What Young People Want and Need
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"Most children are raised by amateurs, not professionals."
- Bryce's Law
I've been watching with great interest the ten part series on PBS entitled,
which provides a rare glimpse into life aboard an American aircraft carrier, the
USS Nimitz. There are approximately 5,000 people aboard this floating four acres
of military weaponry, and although the ship and technology are interesting, it
is the ship's crew who are the real stars of the show.
Crewmen, both male and female, from all levels of the ship's
military hierarchy were profiled. Many were interviewed as to what their
background was and why they joined the Navy. To me personally, I found the
interviews with the younger members of the crew (ages 18-22) to be particularly
enlightening. Many came from middle class broken homes where the other members
of the family were socially dysfunctional, suffering from alcoholism and drug
addiction, and consequently becoming pimps, prostitutes, thieves, and wife/child
beaters. Time and again, crewmen spoke of how the Navy gave them structure and
purpose in life. They found such things as discipline, organization, and
accountability, to be some very powerful and beneficial concepts. They also
thrived in an environment of teamwork where it was necessary to put aside
differences and work towards the common good. As a result, they felt less like
aloof individuals and more like a real family with a sense of belonging. They
would frequently use the expression, "Work hard - play hard," representing their
philosophy to teamwork. With this foundation in place, the crewmen found
confidence in themselves, assumed responsibility for their actions, and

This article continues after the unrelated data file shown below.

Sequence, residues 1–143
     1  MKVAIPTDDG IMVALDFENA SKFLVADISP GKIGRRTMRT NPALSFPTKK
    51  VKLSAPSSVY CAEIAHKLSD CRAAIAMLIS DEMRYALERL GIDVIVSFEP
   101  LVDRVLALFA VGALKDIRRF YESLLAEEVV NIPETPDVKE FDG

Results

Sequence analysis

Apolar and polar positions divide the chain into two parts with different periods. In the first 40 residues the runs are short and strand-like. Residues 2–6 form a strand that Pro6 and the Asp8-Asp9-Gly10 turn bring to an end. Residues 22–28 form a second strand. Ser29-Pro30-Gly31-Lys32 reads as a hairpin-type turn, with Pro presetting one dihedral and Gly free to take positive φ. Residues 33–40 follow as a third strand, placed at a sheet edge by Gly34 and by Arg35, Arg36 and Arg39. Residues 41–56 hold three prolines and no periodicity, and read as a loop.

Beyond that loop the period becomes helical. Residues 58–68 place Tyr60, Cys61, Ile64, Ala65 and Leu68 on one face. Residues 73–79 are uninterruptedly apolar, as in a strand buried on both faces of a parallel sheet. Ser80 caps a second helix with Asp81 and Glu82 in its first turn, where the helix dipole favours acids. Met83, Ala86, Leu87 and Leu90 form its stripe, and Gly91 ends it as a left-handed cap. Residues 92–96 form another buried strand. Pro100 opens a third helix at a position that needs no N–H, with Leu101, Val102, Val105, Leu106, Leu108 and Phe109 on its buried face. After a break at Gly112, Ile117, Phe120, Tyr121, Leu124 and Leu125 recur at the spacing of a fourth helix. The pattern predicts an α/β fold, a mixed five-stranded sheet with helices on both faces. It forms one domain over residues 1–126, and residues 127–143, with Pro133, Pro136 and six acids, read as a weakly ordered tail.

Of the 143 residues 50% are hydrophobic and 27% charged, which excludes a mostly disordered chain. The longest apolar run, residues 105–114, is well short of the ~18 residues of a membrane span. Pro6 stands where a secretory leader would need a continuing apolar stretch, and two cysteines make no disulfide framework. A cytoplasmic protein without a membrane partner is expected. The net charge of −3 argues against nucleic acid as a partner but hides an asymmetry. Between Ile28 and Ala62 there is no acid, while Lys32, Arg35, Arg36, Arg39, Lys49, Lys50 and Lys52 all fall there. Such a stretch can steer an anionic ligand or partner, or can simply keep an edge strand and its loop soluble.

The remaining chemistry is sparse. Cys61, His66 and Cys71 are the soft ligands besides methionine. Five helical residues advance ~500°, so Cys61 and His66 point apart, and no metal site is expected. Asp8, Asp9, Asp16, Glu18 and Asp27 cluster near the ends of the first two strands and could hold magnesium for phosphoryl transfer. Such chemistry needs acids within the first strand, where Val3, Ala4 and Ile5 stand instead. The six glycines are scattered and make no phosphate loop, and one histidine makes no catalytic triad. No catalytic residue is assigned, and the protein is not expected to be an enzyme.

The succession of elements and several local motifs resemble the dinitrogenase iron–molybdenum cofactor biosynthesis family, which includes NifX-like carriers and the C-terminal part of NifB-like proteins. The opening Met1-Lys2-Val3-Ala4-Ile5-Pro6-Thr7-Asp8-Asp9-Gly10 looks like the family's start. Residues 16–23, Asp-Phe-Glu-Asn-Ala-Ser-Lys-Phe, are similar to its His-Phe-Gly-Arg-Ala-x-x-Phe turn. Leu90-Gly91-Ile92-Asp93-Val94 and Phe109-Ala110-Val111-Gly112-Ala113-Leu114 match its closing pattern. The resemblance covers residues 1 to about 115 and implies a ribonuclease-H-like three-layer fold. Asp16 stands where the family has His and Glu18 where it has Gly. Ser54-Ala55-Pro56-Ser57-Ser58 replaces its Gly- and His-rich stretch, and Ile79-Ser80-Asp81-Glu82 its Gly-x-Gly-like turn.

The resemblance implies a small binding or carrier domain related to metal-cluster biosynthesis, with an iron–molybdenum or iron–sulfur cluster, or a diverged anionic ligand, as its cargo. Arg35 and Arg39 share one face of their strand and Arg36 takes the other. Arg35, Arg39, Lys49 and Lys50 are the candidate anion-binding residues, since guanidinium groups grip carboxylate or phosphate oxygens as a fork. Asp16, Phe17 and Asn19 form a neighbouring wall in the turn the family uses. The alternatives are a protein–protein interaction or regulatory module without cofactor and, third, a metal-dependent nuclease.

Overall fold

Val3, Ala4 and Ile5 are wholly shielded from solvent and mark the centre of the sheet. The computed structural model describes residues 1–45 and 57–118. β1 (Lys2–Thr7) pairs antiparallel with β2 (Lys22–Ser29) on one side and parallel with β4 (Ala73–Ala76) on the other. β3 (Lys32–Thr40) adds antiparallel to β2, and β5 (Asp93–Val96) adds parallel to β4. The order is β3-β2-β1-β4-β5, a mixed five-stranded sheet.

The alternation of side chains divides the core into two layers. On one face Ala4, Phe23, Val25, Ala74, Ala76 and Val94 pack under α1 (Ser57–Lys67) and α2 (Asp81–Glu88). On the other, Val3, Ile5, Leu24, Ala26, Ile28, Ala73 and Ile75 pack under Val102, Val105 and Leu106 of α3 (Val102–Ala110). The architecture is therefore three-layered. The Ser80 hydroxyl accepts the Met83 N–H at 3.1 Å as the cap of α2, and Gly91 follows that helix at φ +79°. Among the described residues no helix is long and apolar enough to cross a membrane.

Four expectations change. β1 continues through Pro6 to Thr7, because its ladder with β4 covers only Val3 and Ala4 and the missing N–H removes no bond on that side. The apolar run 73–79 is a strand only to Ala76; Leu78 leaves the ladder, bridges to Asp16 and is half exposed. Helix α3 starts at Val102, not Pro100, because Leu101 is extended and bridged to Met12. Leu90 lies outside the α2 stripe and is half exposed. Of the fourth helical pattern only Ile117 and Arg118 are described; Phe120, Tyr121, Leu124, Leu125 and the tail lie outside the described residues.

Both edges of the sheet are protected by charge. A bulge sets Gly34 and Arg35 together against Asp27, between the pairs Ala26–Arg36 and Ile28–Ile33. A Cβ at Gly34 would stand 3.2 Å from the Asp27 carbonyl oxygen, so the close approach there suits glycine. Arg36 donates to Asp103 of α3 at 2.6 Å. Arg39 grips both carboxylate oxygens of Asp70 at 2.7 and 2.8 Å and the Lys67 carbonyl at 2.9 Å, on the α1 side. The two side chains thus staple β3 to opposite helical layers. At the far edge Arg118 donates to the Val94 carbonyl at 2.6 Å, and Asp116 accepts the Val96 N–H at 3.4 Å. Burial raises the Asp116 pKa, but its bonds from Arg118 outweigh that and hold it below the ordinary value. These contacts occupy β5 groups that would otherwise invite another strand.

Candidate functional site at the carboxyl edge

confidently responded to challenges. Instead of drifting through life aimlessly,
the Navy gave them the ability to chart a course in their personal lives,
something their parents failed to instill in them. In other words, the military
forced them to grow up by teaching them the meaning of adulthood.
Some time ago I discussed the need in business for
"Parenting Management," that due to a decline in parenting skills at home,
teachers, coaches, and managers were being forced to play surrogate mothers and
fathers. We may not like it, but unfortunately it has become a fact of life as
many misfit parents have abdicated their responsibilities. Not surprising, I
find "Carrier" as an endorsement of my thesis that we have to do much
more in the business world to help young people grow up and take their proper
place in society. Since their biological parents have dropped the ball, it now
defaults to the manager.
In a nutshell, the lessons from "Carrier" are simple;
with rare exception, young people both want and need direction, organization,
discipline, and accountability. Although they would never admit such going into
the Navy, these simple parental skills are what the young crewmen actually
respond positively to.
In the final chapter of the show, the producers interviewed a
young crewman who told a story of going back and visiting his recruiter
following Boot Camp. "What did you get me into?" he asked the recruiter
who, in turn, raised his hand and said "Where would you be right now if you
weren't in the Navy?" The crewman blurted out he would be hanging out with
his friends getting high ("Did I just say that?" he said). He glanced
back into the eyes of the recruiter who simply said, "You see?" And, of
course, the crewman did.
Maybe there is something to the concept of having all young
people serve in the military for a few years following high school.
If you would like to discuss this with me in more depth,
please do not hesitate to send me an
Keep the faith.
About the Author
Tim Bryce is a writer and management consultant with
M. Bryce & Associates
of Palm Harbor, Florida and has over 30 years of experience in the field. He is
available for lecturing, training and consulting on an international basis. He
can be reached at
Comments and questions are welcome.
His writings can be found at:
The "Management Visions" Internet audio broadcast is available at:
Copyright © 2008 by Tim Bryce. All rights reserved.
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Article Published/Sorted/Amended on Scopulus 2008-05-16 21:03:51 in Employee Articles